When you start a container, use the
--network flag to connect it to a network.
This example adds the
busybox container to the
$ docker run -itd --network=mynet busybox
If you want to add a container to a network after the container is already
running, use the
docker network connect subcommand.
You can connect multiple containers to the same network. Once connected, the
containers can communicate using only another container’s IP address or name.
overlay networks or custom plugins that support multi-host connectivity,
containers connected to the same multi-host network but launched from different
Engines can also communicate in this way.
You can disconnect a container from a network using the
Specify advanced options
When you create a network, Engine creates a non-overlapping subnetwork for the
network by default. This subnetwork is not a subdivision of an existing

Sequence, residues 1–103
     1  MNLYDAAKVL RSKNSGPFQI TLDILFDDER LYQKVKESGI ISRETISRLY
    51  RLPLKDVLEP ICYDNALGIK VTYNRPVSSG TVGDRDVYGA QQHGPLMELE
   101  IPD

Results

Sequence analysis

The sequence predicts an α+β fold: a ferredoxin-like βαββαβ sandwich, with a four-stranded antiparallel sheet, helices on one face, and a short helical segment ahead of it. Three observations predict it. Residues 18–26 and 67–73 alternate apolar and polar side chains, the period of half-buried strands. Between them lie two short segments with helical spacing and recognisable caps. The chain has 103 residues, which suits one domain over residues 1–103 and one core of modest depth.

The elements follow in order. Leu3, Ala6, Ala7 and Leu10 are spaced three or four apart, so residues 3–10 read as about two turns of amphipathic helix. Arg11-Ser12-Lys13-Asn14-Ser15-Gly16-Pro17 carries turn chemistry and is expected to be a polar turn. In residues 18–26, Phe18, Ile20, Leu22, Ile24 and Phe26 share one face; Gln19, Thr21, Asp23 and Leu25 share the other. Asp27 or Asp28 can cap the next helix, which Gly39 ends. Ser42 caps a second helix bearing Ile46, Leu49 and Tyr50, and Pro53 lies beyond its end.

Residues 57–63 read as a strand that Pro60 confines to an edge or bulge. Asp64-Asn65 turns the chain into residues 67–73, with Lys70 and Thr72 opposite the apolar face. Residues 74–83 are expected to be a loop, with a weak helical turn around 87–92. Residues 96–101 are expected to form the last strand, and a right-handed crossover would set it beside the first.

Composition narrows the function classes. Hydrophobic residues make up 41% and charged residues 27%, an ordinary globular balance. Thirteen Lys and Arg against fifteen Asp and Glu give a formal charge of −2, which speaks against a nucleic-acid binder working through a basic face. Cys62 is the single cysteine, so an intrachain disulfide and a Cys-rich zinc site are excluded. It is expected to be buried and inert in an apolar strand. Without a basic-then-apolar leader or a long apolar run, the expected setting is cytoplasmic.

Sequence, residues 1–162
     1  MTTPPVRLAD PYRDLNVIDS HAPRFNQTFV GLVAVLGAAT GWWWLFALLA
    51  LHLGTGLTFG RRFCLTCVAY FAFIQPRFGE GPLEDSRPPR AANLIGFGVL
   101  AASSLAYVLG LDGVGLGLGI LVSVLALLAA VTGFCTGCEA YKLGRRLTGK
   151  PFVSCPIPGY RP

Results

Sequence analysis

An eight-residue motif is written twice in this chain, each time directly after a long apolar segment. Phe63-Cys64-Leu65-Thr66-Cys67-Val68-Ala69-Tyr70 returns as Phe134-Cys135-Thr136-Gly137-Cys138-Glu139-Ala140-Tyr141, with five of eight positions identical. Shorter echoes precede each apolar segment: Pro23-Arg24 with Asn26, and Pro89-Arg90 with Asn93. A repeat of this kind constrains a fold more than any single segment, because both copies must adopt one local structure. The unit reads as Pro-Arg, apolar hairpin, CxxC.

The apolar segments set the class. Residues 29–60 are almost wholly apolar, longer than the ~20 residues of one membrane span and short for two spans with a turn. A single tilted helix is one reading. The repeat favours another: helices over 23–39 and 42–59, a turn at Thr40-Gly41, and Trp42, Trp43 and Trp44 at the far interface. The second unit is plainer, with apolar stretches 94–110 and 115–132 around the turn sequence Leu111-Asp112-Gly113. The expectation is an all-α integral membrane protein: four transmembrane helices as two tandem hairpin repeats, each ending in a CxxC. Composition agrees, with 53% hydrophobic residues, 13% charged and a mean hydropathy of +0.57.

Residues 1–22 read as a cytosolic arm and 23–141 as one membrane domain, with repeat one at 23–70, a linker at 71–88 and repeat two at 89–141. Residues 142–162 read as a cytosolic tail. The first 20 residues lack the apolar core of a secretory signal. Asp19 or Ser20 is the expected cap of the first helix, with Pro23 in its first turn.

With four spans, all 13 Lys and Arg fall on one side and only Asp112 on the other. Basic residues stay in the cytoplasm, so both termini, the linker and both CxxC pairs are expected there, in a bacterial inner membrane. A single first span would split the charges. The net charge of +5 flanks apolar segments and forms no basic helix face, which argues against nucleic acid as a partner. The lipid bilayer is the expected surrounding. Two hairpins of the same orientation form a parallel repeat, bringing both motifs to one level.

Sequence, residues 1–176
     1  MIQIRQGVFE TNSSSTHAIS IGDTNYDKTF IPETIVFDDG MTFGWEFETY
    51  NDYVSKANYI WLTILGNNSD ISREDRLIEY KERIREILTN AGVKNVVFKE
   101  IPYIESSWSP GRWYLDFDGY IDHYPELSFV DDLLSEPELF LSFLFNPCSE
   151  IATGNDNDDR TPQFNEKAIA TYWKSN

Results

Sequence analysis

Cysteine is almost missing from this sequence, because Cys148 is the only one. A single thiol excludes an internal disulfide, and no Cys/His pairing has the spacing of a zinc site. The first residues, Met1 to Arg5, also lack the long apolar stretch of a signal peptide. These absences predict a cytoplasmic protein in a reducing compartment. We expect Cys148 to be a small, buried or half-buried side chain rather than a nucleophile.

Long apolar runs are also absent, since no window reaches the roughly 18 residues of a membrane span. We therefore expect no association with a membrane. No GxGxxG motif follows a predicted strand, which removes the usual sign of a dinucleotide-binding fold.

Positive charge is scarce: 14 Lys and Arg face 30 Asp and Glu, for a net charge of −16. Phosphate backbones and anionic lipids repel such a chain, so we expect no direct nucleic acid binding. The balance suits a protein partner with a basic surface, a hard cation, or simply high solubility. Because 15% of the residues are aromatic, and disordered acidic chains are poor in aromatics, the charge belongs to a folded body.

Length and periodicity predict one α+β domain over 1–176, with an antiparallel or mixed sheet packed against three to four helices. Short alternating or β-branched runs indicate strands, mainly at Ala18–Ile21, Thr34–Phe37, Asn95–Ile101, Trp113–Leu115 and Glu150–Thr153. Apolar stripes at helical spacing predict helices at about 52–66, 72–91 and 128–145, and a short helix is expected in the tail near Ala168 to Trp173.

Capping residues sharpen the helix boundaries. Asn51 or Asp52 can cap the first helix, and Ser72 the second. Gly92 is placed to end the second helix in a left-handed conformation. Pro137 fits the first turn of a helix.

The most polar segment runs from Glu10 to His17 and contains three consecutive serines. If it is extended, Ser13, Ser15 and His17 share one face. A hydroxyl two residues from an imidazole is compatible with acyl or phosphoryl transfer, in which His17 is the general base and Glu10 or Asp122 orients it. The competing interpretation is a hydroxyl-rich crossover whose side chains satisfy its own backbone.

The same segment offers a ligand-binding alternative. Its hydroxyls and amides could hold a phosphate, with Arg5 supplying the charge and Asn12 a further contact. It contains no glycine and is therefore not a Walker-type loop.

network. It is purely for ip-addressing purposes. You can override this default
and specify subnetwork values directly using the
--subnet option. On a
bridge network you can only create a single subnet:
$ docker network create --driver=bridge --subnet=192.168.0.0/16 br0
Additionally, you also specify the
$ docker network create \ --driver=bridge \ --subnet=172.28.0.0/16 \ --ip-range=172.28.5.0/24 \ --gateway=172.28.5.254 \ br0
If you omit the
--gateway flag the Engine selects one for you from inside a
preferred pool. For
overlay networks and for network driver plugins that
support it you can create multiple subnetworks.